Miguel A's dinner at La Cuisine Française last night, 30th September 2009, was in belated celebration of his birthday. We were 4 couples, 8 persons in all. I think it was the first time for all of us in the group to try this restaurant. It is always good to discover new places to eat, plus it is very near my office.
We were the last to arrive, around ½-hour late, so the guys were already halfway through appetizers (assorted pâtés, pork rillettes, salmon mousse) and a bottle of:
2001 Château Lascombes - the Stockbroker's bottle, from an 1855 second growth in Margaux, the older vintages of which I used to buy regularly for the house. This was the first vintage of the new owners I got to try. Moderate new oak laces extracted black cherry, plum, crème de cassis, concentrated blackberry, sweetish pipe tobacco, hints of gravel and dark minerals. The fruit has a slight tinge of a preserved character. Readily more modern and stylish than the older vintages I used to drink, but it is a good wine for sure.
After a few sniffs and a couple of analytical sips, I decided to have this wine with my main course. In the meantime, as a belated bubbly toast to Miguel's birthday, I had opened and poured...
Champagne Tattinger Brut Prestige Rosé NV - My bottle, I like rosé bubblies for birthday toasts (I also always wear a red shirt to birthday dinners to wish the celebrant good luck), and this had a deeper blush than many locally available NV bubbly rosés. Bright cherry and raspberry dominate with a pronounced pinot noir character. Minor notes of red currants, bright acidity, yeasty and bready nuances mid-mouth and to the back. Enthusiastic effervescence. Nothing really deep here (it is a NV after all), but very lively and enjoyable. The wine unwinds/uncoils and its fruit gains weight and roundness with a little time in the glass. Barbara appeared to like it a lot.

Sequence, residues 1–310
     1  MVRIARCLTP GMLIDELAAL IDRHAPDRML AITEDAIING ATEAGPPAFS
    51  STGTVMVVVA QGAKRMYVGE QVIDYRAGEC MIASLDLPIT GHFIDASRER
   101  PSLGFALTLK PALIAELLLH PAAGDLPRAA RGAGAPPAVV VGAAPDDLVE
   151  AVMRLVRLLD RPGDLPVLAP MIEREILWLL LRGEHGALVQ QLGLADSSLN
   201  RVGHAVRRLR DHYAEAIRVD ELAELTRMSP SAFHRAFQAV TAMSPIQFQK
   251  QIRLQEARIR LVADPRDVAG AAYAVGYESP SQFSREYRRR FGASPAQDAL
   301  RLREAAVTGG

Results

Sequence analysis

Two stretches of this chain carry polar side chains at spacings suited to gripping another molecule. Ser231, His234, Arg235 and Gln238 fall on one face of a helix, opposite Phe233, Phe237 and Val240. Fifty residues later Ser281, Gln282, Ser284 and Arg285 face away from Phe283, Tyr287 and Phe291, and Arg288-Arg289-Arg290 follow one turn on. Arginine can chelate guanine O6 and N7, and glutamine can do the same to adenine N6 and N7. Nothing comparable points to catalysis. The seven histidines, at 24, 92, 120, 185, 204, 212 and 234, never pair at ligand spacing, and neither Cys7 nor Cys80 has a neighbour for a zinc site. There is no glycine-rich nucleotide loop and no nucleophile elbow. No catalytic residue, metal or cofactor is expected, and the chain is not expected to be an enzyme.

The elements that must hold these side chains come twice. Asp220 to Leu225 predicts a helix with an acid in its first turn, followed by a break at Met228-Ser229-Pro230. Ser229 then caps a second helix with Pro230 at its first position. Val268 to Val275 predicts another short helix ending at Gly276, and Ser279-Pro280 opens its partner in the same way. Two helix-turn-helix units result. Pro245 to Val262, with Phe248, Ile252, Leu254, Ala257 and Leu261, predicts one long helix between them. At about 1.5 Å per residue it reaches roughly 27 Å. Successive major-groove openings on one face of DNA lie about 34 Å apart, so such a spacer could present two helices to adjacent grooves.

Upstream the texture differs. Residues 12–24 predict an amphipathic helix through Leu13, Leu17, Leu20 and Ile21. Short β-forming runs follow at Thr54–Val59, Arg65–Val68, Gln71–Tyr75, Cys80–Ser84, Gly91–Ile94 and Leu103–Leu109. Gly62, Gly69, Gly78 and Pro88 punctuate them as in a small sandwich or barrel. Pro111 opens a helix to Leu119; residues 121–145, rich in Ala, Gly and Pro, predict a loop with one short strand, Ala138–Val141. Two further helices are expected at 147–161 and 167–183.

There was a mature top growth Bordeaux on the table, so I drank it alone to give it my full attention and respect.
1978 Château Cheval Blanc - Miguel's bottle, a gift from his father for his birthday dinner (what a nice gift indeed!). Alluring, lightly truffled, perfumed bouquet of dark violets, ripe and earthy black cherry, plum, black currants, cassis, discreet mocha; mere hints of truffle, leather, cedar and red spice. Good complexity, excellent balance. Halfway between medium and full body, elegant, patrician, fully mature. Many thanks, Miguel, for sharing this with us.
I took a quick smoke after and re-entered as I saw the main courses being served. I had the Carré d'Agneau Provençal.
As earlier mentioned, I paired this mainly with the 2001 Lascombes, but I made sure, as well, to also have with it some of the...
1994 Château La Mission Haut Brion - Doc's bottle, one I tried with him before over dinner at my favorite Je Suis Gourmand almost 1-½ years ago, on the 12th April 2008. My notes then are as follows:
...darkly reflective deep ruby-red, the Doc asked me to guess what it was. I sniffed deeply in the decanter and in glass: mildly truffled, touches of dried herbs and sweet cedar to its dark cherry/raspberry-laced cassis and dark fruit. Before I could hazard a guess, he showed me the bottle. That was when I decided on a crispy goose leg confit for my main course. In the mouth, the wine had an elegantly lithe, silken medium-body that mirrored its nose with subtle "tarry" undertones and perfect acidity which lent it precise balance. The finish had adequate length.
I thought it was elegant, the fruit was clean, pure and honest, not over-ripe/sweet/pruney or obvious like many these days. I know it sounds trite, but this was truly classic Bordeaux - properly reserved, yet not at all stingy with its charms. Along with Angelus, this is one of the best '94s from Bordeaux I have ever had.
Color me surprised, after reviewing the above old notes, this wine hasn't seemed to have changed - and that's a good thing. It's probably on its plateau. Not as sweetly perfumed in bouquet as the '94 Haut Brion, but excellent as well. Very harmonious, very nice.
Desserts were very good and well-recommended:
Tarte aux Pommes Normande with Almonds and Crème Anglaise (like a deconstructed tarte Tatin, really, because of the baked apples' consistency, but not baked upside down and the pastry is phyllo). With this, I brought and opened an old reliable/favorite:
2006 Domaine Bott-Geyl Gewürztraminer "Les Éléments" - My bottle. A rose petal infused, lychee flavored (typical of gewürztraminer) wine - quite ripe but dry (noted by Miguel). Though neither a vendanges tardives (late harvest) or sélection de grains nobles (botrytised), it is actually off dry and very nice with desserts involving baked apples. It also pairs well with terrine of foie gras de canard.
There is an intriguing slight "oiliness" in the mid-palate mouth-feel and there now seems to be a touch of orange rind in the finish. Unfortunately, I forgot to take a picture of the bottle, but since I've written about this wine so many times, there is probably no more need of a photo thereof.
Tarte aux Pécan, a.k.a., Pecan Pie. This was from the take-out pastry display case in the front of the restaurant. I had this with my double espresso.
Thanks again, Miguel, and belated happy birthday anew. I wish you many, many more to come.